04/16/2014 1:55PM

Jockey Gonzalez loses bug but gets hot


Ricardo Gonzalez lost his best friend three weeks ago, but he’s rebounded nicely.

The 18-year-old rider from Mexico became a journeyman rider, losing his five-pound apprentice allowance after two wins March 23, his last day with the bug.

Losing the bug can be traumatic for riders, and Gonzalez didn’t record a victory his first week as a journeyman. Of course, he only had one mount his first day and two his third day while riding 12 horses that week, when he finished with one second and one third.

Things have picked up since then, with six wins from 37 mounts in the past two weeks, and Gonzalez is still tied for fourth in the jockeys’ standings with Frank Alvarado with 46 victories.

He’s hit the board with 19 of his 37 mounts over the past two weeks, a higher in-the-money percentage than when he had the bug.

“It’s a different world for him,” said Gonzalez’s agent, Ron Freitas. “Some trainers who rode him just to get weight off are using other riders, but I think he’s still in a great spot. Business is OK, and those [trainers] who feel he fits their horses use him. Some barns have been pretty loyal.”

Gonzalez said, “Everything is going good.”

And Freitas said the young rider is “still in a great spot” despite losing the bug because he works hard, getting on close to a dozen horses a day, including 2-year-olds who will begin racing soon.

Unlike some 18-year-olds, Gonzalez not only doesn’t know everything, but he also realizes he doesn’t know everything.

“You can never be good enough,” he said. “Every horse is different. I’m very open-minded and try to learn how to deal with them.”

Gonzalez listens and learns, and he’s earned the respect of other riders.

Leslie Mawing, who is currently riding at Emerald Downs, encouraged Freitas to take Gonzalez’s book and even roomed with him, mentoring him on riding techniques and strategies. Dennis Carr also has been helpful to the young rider.

“Everyone has come to me,” Gonzalez said gratefully. “Leslie started helping me. He said I needed to get my pace set. When I’m working horses, I try to know how fast they’re going so I’ll know how fast I’m going in a race. Dennis comes when I do something wrong to tell me to try to do it different the next time. Any time he tells me, I do it.”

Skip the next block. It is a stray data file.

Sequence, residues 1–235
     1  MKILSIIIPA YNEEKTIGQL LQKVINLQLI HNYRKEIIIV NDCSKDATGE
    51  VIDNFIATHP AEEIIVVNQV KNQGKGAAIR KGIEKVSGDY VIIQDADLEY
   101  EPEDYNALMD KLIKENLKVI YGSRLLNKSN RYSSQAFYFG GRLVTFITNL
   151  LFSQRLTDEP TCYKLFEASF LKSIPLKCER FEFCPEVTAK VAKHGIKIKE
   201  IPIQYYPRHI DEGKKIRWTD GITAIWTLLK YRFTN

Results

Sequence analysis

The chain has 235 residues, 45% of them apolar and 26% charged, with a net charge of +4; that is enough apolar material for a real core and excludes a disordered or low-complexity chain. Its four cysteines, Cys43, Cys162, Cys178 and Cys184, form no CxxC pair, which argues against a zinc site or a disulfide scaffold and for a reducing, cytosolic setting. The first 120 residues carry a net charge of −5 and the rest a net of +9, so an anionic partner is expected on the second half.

Listening and learning come easily for Gonzalez, he said, because “my family raised me good. Whatever they have to say, I listen, and I don’t answer back.”

Gonzalez is also smart enough to realize that as competitive as the jockey fraternity is, it still looks out for its own.

“When they help me, they help themselves, too,” he said.

Gonzalez has one other thing going for him.

“This is something I love to do,” he said of riding. “When they close the track on Monday, I really want to get back on Tuesday so I can ride again.”

Riley’s book a runner-up

Shelley Riley, who guided Casual Lies from Pleasanton, Calif., to a second in the Kentucky Derby, came close again in Kentucky last week when she was one of three finalists for the prestigious Dr. Tony Ryan Book Award, which was won by David Owen for “Foinavon: The Story of the Grand National’s Biggest Upset.”

Owen’s book detailed the 1967 Grand National, when all the runners except Foinavon, who was a distant last at that point, failed to clear the 23rd hurdle. Foinavon did and galloped home a winner.

“I was thrilled to death to have gotten as far as I did,” said Riley, who self-published her book, “Casual Lies: A Triple Crown Adventure.” “It was very exciting. I got a really good response from the crowd.”

Owen received a $10,000 award, while Riley and Dorothy Ours, who wrote on Battleship’s 1938 Grand National victory, received $1,000 each. All three also received crystal trophies.

While in Kentucky for the event, Riley saw Dance With Fate, who was second in the El Camino Real Derby, win the Blue Grass Stakes and even cashed a ticket on him. She also attended a sale, but strictly as a viewer.

◗ Returning from a three-day suspension, leading jockey Russell Baze scored five wins Saturday on his first day back and two more Sunday.

Baze has a seemingly insurmountable lead in the standings with 110 winners to 63 for runner-up Juan Hernandez.

◗ Just as there was no Thursday racing this week, there will be no Thursday racing next week at Golden Gate Fields.

Following the two three-day weeks, the racing schedule returns to its regular four-day weekly schedule May 1.

There will be a five-day week May 22 through Memorial Day, May 26, with a three-day week the following weekend. The final two weeks of the meet in June are the regular four-day weekly schedules, concluding June 15.

ryan More than 1 year ago
I remember the six day holiday race cards, now three days of racing and small fields